2008 map of known populations of Isotria medeoloides in North America

There are a few populations in southern Ontario, but the large majority of them are in the continental US. Several of the historical sites (such as the one in Michigan) may be extirpated. One of the problems of monitoring this species is the fact that it may lie dormant, underground, for as many as five or more years before reappearing. So just because the leaves and flowers are not visible above ground does not mean that the plant is no longer there. The main danger to the plants is the destruction of suitable habitat. Predation by slugs, deer, and feral hogs also present a real hazard. It is felt by many botanists that Climate Change may adversely affect the health of populations of this species, especially in the southernmost extent of its range.

Before I proceed any further, I will give you the “head count” of the plants we observed at the site:

12 Sterile plants (those with leaves, but no flowers)

22 Plants with a single flower

10 Plants with two flowers

44 Plants total

We also observed several dried seed capsules from last year still standing next to the plant that produced them:

10 Plants with a single seed capsule

2 Plants with two seed capsules

To my knowledge, this is one of the largest sites for this orchid in the US! I have visited other sites for this species in other states, but many of the sites have fewer than a dozen plats — some have only one or two. Last year, there were 37 plants observed at the site. So, they seem to be holding their own. We did observe a number of tiny, young plants, giving us hope for the future.

Here are some additional images of the flowering plants that produced a single flower:

Small Whorled Pogonia orchid Small Whorled Pogonia orchid
Small Whorled Pogonia orchid Small Whorled Pogonia orchid

Small Whorled Pogonia orchid

Here are a few images of plants that produced a double flower:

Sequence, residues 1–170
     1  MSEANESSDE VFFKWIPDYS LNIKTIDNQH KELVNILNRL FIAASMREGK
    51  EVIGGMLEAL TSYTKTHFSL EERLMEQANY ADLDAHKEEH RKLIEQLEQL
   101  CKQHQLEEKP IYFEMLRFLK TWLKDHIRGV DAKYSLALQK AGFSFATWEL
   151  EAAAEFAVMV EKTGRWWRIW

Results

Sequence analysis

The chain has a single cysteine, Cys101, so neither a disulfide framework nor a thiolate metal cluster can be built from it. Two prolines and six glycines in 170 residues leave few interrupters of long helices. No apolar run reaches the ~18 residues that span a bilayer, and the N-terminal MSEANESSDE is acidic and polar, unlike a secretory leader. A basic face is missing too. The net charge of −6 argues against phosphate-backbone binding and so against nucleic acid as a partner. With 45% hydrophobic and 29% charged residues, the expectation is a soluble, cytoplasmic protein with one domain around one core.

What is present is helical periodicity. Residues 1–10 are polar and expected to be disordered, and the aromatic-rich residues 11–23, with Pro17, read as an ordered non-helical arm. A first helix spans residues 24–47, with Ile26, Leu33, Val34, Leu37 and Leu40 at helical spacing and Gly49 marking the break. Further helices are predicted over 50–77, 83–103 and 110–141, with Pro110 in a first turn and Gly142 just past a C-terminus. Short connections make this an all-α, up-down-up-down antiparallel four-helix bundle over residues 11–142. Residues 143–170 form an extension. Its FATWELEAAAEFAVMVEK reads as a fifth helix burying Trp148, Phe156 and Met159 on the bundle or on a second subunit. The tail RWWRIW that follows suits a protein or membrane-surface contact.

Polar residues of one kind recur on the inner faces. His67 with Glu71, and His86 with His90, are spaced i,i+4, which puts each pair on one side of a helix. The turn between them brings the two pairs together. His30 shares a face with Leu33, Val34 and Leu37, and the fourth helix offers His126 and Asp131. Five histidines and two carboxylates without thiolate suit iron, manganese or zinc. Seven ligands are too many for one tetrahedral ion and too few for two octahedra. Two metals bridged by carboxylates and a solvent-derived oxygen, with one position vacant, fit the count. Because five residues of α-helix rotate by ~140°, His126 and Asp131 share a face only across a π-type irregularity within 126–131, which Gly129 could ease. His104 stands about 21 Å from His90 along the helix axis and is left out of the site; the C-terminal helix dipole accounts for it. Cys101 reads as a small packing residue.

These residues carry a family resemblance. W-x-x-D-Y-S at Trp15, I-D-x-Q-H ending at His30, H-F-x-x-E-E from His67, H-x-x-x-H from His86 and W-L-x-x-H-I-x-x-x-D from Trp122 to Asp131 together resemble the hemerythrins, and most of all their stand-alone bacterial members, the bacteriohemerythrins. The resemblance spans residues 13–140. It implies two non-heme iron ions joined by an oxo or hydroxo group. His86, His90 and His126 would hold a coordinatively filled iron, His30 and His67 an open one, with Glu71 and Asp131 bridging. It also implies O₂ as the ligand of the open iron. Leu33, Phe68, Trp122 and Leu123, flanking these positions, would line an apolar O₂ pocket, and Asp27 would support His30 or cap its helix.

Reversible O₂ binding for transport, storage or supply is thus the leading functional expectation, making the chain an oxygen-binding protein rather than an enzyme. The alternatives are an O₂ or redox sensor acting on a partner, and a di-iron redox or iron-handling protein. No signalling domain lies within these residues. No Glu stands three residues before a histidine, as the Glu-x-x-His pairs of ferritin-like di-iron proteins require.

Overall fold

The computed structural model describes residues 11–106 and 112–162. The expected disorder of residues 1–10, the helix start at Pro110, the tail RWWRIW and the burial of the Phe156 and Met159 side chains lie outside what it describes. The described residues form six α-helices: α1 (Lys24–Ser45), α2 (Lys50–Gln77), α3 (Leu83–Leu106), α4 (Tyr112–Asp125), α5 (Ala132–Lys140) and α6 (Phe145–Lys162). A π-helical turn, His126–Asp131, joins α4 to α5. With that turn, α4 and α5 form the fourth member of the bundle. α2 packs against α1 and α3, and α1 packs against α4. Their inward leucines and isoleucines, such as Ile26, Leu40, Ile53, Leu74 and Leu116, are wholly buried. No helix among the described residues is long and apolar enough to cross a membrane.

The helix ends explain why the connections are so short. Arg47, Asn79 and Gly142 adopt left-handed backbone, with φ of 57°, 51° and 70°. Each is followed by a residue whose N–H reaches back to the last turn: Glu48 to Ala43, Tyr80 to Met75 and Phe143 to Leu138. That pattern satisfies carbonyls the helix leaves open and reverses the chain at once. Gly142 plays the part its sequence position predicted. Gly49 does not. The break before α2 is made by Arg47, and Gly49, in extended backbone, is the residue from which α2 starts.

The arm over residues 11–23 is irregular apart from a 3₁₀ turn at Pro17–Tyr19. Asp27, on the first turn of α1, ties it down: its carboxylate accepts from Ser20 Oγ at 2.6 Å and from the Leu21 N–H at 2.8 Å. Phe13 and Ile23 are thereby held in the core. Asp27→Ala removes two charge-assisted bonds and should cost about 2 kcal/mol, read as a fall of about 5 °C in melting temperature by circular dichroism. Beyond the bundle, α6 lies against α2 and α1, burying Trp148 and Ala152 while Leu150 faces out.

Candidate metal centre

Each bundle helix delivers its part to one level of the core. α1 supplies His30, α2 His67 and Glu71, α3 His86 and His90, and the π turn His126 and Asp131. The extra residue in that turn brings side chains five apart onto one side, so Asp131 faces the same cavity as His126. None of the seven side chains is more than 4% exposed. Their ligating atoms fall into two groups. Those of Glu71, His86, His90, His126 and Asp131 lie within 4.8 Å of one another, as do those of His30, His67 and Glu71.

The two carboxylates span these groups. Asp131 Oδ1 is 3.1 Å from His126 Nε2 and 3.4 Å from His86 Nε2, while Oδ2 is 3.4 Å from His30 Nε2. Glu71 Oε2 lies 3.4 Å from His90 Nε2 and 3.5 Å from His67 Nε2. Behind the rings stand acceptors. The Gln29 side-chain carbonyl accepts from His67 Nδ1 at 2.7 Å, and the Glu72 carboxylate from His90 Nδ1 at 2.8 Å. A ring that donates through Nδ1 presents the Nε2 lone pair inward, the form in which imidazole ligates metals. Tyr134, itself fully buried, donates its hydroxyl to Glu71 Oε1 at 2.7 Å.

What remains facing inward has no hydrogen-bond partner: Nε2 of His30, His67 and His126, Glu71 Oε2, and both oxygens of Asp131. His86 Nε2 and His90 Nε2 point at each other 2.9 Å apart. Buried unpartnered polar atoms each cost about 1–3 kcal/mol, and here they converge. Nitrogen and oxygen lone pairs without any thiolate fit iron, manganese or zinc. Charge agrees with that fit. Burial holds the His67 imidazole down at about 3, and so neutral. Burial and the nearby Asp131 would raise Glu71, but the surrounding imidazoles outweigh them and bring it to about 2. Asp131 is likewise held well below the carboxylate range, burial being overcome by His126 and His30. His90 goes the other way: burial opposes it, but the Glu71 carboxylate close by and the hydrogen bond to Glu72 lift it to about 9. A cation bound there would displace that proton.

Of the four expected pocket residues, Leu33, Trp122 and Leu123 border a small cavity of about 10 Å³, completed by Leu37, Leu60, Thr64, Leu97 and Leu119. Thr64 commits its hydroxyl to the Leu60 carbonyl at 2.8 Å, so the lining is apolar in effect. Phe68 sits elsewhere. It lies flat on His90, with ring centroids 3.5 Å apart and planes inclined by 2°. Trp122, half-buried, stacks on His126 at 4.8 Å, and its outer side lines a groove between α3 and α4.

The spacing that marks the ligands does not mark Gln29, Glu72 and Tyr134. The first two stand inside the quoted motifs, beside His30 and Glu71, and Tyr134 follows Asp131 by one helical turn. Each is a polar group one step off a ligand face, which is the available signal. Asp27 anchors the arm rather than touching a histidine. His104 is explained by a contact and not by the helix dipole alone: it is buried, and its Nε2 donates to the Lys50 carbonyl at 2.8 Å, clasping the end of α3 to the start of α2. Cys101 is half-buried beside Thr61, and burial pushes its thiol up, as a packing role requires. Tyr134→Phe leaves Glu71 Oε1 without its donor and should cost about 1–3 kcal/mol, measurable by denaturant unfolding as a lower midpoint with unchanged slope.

Small Whorled Pogonia orchid Small Whorled Pogonia orchid
Small Whorled Pogonia orchid Small Whorled Pogonia orchid

Small Whorled Pogonia orchid

Note: A couple of years ago, my good friend David McAdoo managed to photograph a single plant in North Carolina that produced three flowers! That is almost unheard of. The same plant produced three flowers for a couple of years before disappearing. We all have high hopes that the plant is just “resting” and will reappear soon.

As I mentioned earlier, we observed a number of last year’s seed capsules. Here are a couple of images of those seed capsules:

Small Whorled Pogonia orchid with seed capsules Small Whorled Pogonia orchid with seed capsules

As evidenced by the taller seed capsules, the plant continues to grow in height after the flowers are pollinated. If the flowers are not pollinated, the plant withers and no evidence of it remains the following year.

Some of the sterile plants (those with no flowers) were very small — about 1 inch (2.5 cm) across. These were immature plants, and may take several years to mature enough to produce a flower. Here are a couple of images of those sterile plants:

Small Whorled Pogonia orchid - sterile plants Small Whorled Pogonia orchid - sterile plants

To be truthful, the image of the plant above right does have a nub of an aborted flower in the center of the leaf rosette. The plant was very small, and I figure it was just too tiny to support the flower to blooming.

Small, sterile plant with 1 cm bar for scale